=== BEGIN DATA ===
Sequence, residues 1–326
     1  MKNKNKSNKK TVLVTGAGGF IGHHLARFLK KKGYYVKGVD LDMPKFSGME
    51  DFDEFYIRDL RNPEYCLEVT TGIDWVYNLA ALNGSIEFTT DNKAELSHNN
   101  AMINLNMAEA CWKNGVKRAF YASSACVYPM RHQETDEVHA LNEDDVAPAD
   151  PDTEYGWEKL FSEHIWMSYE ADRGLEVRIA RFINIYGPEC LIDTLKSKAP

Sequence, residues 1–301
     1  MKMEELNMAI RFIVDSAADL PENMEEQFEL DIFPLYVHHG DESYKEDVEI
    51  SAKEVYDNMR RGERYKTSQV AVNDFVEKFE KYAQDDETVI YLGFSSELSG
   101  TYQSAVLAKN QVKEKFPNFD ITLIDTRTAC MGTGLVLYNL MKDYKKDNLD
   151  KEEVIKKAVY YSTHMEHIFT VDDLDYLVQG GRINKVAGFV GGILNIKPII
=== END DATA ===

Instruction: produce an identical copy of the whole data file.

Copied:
Sequence, residues 1–326
     1  MKNKNKSNKK TVLVTGAGGF IGHHLARFLK KKGYYVKGVD LDMPKFSGME
    51  DFDEFYIRDL RNPEYCLEVT TGIDWVYNLA ALNGSIEFTT DNKAELSHNN
   101  AMINLNMAEA CWKNGVKRAF YASSACVYPM RHQETDEVHA LNEDDVAPAD
   151  PDTEYGWEKL FSEHIWMSYE ADRGLEVRIA RFINIYGPEC LIDTLKSKAP

Sequence, residues 1–301
     1  MKMEELNMAI RFIVDSAADL PENMEEQFEL DIFPLYVHHG DESYKEDVEI
    51  SAKEVYDNMR RGERYKTSQV AVNDFVEKFE KYAQDDETVI YLGFSSELSG
   101  TYQSAVLAKN QVKEKFPNFD ITLIDTRTAC MGTGLVLYNL MKDYKKDNLD
   151  KEEVIKKAVY YSTHMEHIFT VDDLDYLVQG GRINKVAGFV GGILNIKPII